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             Looking back through the history of music we can see composers of all periods of time who truly made a difference. Classical and Romantic composers such as Beethoven, Bach, Chopin, Stravinsky, and Mozart are some of the first that come to mind. As music traveled from Europe to the Americas, it was not until the early 1900's that Northern America would raise up it's first American composer to break through the music scene in a whole new fashion. George Girshwin was the man to take music to a whole new level that would even be apart of what fueled such a radical American movement known in history as the Roaring 20's. He took popular "devils music," which at the time was jazz and blues coming from the African culture, and mixed it with the traditional classical concert sound that originated in Europe and had been played for hundreds of years. He could be equated as an American equivalent of Verdi. .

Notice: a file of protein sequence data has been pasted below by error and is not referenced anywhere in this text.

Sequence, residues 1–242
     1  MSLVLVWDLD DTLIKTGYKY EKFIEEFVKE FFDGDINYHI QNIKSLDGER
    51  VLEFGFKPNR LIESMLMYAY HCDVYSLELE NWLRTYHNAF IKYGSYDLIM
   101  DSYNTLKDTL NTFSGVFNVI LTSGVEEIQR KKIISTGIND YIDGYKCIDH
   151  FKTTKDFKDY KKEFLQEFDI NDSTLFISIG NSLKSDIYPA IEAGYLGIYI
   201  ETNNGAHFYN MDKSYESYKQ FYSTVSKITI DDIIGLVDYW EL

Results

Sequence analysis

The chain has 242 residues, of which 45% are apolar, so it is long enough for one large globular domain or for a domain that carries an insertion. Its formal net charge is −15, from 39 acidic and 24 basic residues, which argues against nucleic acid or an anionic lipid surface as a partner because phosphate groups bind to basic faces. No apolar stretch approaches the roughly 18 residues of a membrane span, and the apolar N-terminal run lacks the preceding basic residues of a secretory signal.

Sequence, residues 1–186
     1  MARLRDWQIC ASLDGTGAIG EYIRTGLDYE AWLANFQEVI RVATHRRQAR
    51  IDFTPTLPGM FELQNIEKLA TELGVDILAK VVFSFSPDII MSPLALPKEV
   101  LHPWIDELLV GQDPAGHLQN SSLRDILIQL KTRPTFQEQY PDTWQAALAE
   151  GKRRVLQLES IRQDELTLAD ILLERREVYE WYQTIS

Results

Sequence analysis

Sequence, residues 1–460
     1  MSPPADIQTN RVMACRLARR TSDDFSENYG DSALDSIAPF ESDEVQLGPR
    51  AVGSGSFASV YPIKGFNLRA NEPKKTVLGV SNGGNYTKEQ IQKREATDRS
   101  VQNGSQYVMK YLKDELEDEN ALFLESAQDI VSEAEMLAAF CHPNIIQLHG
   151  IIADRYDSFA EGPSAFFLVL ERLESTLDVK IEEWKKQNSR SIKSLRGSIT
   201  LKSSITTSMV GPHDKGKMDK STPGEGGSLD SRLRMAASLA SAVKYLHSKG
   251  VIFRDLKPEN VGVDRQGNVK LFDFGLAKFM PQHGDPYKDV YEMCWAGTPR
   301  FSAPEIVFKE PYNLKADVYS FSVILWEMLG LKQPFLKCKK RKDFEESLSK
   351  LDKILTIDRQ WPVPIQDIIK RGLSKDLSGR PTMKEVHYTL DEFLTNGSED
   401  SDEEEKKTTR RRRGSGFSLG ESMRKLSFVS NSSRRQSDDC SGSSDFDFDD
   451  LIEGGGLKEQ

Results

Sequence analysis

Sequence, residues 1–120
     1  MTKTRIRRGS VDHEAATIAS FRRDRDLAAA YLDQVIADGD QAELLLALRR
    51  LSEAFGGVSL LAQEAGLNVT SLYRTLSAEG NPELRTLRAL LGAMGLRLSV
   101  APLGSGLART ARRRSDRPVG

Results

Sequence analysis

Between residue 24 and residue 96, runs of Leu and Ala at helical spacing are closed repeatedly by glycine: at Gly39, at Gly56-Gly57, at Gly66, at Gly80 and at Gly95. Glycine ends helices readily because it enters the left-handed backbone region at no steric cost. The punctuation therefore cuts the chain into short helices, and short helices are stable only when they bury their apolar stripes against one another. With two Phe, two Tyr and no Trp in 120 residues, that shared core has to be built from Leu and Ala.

His name, George Gershwin, conjures memories and nostalgic imaginings of the Jazz Age, the Roaring Twenties, flappers, musicals tumbling forth in glorious profusion from his creative, fertile imagination. Gershwin represented all this, of course, and so much more: his serious compositions, which confounded the critics at first performances, remain highly popular in the concert repertoire, and his stage and film songs continue to be jazz and vocal standards. He was a bundle of energy; a school dropout at fifteen whose wrote the enormously successful Swanee at nineteen. A social genius who rubbed shoulders with the rich and famous of two continents. a natural athlete, a painter of considerable talent, a generous, gregarious man with an ego the size of a ballroom who helped promote the careers of other musicians such as Vernon Duke, and Oscar Levant, George was your modern "rock star." He never experienced a dry spell or the composer's equivalent of writer's block, and he was equally adept at composing music to which words were added or fitting music to book and lyrics already written, as he did in Porgy and Bess.

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